Peru declared a state of emergency in the coastal province of Islay after two months of protests of the construction of Southern Copper Corp.’s Tia Maria mine claimed a fourth life.
The armed forces will help police restore order in Islay for 60 days and some constitutional rights will be suspended, including freedom of transit and the right to hold meetings, according to a statement published Saturday in the state newspaper El Peruano.
Farmers in Islay began street protests on March 23, saying Southern Copper’s proposed $1.4 billion project in the hills above the Tambo Valley would cause air and water pollution. One civilian died Friday in clashes with police after a group of 400 people sought to block the Pan-American Highway in Islay, Interior Minister Jose Perez told reporters in Lima. A local police station was later attacked with dynamite, Perez said.
“The government has made every possible effort to resolve this problem through dialogue,” said Cabinet Chief Pedro Cateriano in a statement on his website. “But when the circumstances demonstrate that a minority group doesn’t want to obey the constitution or the law, by attacking the rule of law, the government has the legal instruments” to maintain public order, he said.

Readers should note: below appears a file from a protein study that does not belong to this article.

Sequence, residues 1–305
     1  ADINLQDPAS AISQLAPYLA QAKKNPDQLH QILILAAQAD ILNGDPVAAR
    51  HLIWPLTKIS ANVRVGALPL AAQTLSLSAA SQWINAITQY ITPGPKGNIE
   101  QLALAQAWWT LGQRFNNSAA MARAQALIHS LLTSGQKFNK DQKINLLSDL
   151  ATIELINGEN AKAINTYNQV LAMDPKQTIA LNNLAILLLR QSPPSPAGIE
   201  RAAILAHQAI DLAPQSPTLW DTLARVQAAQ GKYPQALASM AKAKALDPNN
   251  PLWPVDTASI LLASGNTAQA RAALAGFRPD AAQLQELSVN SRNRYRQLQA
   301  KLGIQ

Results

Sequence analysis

The violence followed a week of calm in the province after Phoenix-based Southern Copper announced a 60-day suspension in the mine project and proposed talks with the local community. One civilian and a police officer were killed in clashes earlier this month after the death of a protester last month.
Peru deployed 4,000 military and police officers to Islay in the last month after protesters attempted to block the Pan-American Highway.
Oscar Gonzalez, a spokesman for Tierra y Libertad, a political organization supporting the protests, said the government’s measures are unjustified. The report of an attack on the police station is false and has been used as a pretext for the government’s action, he said by phone from the city of Arequipa, east of Islay.
“The state of emergency isn’t going to change the view of the growers and inhabitants of the Tambo Valley” who oppose Tia Maria, Gonzalez said. “It could bring about some calm, but it won’t resolve the underlying problem.”
Southern Copper, which has two mines and a smelter in the South American country, is awaiting a construction permit from the government so it can start work on Tia Maria. The company is majority owned by Grupo Mexico SAB, based in Mexico City.